Dog’s death prompts warning

From staff reports

A dog died June 22 after swimming in a Sherburne County lake that had developed areas of heavy algae growth, according to the Minnesota Pollution Control Agency.

Most of the visible algae on Prairie Lake after a dog’s death was not toxic; however, the MPCA found some blue-green algae mixed in with the more benign species. Photo courtesy of the MPCA

Most of the visible algae on Prairie Lake after a dog’s death was not toxic; however, the MPCA found some blue-green algae mixed in with the more benign species. Photo courtesy of the MPCA

Brock Tatge and his family, who live on Prairie Lake between Becker and Clear Lake, were enjoying a beautiful Sunday on the lake when their dog, Copper, suddenly became very ill. Copper had been fetching his tennis ball from the lake, according to a MPCA press release.

“We noticed that Copper went on shore, began vomiting and panting very hard, and just looked very sick,” Tatge said. “I carried him to my truck and brought him to the vet’s office.”

Copper’s condition deteriorated and he died at the veterinarian’s office. While the cause of Copper’s illness has not been confirmed, the veterinarian who examined him believed that he became ill after ingesting toxins from blue-green algae, according to the MPCA.

It was the first such animal death reported this year, according to Alexis Donath, MPCA spokesperson. She said they typically get one to two reports each summer of a dog dying after suspected exposure to blue-green algae.

The MPCA advises pet owners to check water conditions when dogs are playing near lakes or slow-flowing streams. Blue-green algae “blooms” have a thick, cloudy appearance that can look like green paint, pea soup or floating mats of scum. Some, but not all, species of blue-green algae contain potent toxins that can be deadly to dogs, livestock and other animals within hours of contact.

Copper, the Tatge family dog, died after playing in a lake with heavy algae growth in Sherburne County. Photo courtesy of the MPCA

Copper, the Tatge family dog, died after playing in a lake with heavy algae growth in Sherburne County. Photo courtesy of the MPCA

The MPCA analyzed a water sample from Prairie Lake and found that most of the algae in the sample was not blue-green algae. However, some blue-green algae was found in the sample, Donath said.

She said algae blooms are caused primarily by excess fertilizer — especially phosphorus — in a lake.

“This year’s unusually heavy rainfall has carried tremendous amounts of nutrients into Minnesota lakes,” said MPCA scientist Steve Heiskary. “If the rain slows down and we move into a period of hot, dry summer weather, we could see an exceptional number of algal blooms across the state in the coming weeks, even in lakes that do not normally experience them.”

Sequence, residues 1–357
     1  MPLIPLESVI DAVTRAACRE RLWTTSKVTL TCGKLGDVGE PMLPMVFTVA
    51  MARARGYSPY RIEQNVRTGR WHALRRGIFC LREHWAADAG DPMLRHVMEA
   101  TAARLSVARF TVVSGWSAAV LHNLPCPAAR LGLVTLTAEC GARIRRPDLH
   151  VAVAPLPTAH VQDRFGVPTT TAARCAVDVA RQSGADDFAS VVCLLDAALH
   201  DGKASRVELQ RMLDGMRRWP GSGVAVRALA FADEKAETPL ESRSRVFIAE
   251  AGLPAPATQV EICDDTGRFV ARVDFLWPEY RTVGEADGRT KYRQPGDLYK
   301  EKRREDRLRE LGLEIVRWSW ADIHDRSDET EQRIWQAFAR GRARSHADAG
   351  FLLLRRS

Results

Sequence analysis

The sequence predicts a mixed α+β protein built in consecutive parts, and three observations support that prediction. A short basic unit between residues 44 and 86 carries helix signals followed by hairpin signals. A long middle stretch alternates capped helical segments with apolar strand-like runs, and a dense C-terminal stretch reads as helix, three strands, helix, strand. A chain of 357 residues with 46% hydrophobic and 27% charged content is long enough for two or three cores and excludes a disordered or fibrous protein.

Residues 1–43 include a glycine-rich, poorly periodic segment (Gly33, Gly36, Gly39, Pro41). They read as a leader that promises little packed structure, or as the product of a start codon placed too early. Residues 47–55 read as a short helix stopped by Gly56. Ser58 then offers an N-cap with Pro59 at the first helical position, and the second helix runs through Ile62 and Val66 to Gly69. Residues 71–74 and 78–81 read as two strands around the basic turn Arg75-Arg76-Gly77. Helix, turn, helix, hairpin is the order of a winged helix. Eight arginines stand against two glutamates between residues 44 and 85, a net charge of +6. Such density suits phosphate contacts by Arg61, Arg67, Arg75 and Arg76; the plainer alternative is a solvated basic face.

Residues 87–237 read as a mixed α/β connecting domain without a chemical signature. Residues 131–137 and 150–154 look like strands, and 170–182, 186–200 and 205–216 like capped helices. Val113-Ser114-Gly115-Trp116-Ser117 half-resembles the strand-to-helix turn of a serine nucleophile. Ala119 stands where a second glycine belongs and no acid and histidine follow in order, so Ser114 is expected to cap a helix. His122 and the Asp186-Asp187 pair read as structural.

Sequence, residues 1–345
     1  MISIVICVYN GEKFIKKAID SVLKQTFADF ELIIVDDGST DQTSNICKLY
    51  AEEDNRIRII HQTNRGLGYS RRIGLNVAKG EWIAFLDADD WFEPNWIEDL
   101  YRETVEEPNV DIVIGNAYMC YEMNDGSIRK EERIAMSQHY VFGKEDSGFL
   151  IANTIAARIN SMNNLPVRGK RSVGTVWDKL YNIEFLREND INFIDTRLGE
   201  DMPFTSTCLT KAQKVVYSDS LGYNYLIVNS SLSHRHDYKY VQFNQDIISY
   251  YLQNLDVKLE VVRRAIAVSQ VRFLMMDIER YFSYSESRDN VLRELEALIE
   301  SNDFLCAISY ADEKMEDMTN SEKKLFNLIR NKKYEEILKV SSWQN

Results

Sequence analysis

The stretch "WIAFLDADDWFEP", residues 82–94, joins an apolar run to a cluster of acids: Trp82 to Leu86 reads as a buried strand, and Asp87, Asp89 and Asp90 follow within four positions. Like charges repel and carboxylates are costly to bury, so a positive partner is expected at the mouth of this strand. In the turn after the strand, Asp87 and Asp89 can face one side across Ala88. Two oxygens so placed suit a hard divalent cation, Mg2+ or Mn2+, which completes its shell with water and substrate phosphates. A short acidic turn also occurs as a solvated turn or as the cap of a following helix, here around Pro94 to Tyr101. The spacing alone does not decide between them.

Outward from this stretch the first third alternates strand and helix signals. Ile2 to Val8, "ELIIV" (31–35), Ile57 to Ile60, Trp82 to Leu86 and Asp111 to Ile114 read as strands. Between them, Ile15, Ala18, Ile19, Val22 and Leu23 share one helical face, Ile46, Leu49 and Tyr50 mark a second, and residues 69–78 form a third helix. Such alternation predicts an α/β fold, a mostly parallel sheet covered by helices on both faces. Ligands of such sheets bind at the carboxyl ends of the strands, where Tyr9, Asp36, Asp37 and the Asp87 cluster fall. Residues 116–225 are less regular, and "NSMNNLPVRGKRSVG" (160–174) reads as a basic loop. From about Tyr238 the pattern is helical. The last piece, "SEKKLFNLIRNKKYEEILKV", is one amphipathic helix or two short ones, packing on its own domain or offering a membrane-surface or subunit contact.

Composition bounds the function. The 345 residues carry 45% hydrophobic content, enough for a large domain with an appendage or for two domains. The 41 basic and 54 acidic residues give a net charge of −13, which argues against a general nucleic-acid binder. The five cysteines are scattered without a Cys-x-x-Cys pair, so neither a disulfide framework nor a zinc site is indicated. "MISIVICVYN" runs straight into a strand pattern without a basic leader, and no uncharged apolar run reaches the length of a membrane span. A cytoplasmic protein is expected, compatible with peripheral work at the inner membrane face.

Blooms can pop up quickly and, in some cases, go away quickly, Donath said. Rainfall, wind shifts or cooler temperatures can all disrupt algae’s growth.

A dog died earlier this month after playing in Prairie Lake (pictured here) in Sherburne County. Although the majority of the algae on the lake were non-toxic, some blue-green algae were also present.  Photo courtesy of the MPCA

A dog died earlier this month after playing in Prairie Lake (pictured here) in Sherburne County. Although the majority of the algae on the lake were non-toxic, some blue-green algae were also present. Photo courtesy of the MPCA

Blue-green algae blooms can occur anytime during the summer, though they are normally associated with warm weather and low rainfall. Most blue-green algae are not toxic, but there is no way to visually identify whether a particular bloom contains toxins that are harmful to people or animals, according to the MPCA.

If possible, the MPCA advises dog owners to keep their pets away from algae-laden water entirely. If animals do enter water with heavy algae growth, they should be hosed off right away, before they have a chance to lick themselves clean. Animals become ill when they ingest the toxins, so preventing them from drinking affected water or licking toxins from their coat is key to preventing illness.

If someone is concerned that their pet has been exposed to harmful blue-green algae, they should take the animal to a veterinarian immediately.

If humans are exposed to toxic blue-green algae, they can experience skin irritation, nausea, and eye, nose and throat irritation, according to the MPCA. People should never swim in water if they suspect there’s a blue-green algae bloom.

The MPCA reports that human deaths from exposure to blue-green algae are extremely rare, since the unpleasant odor and appearance of a blue-green algal bloom tend to keep people out of the water.

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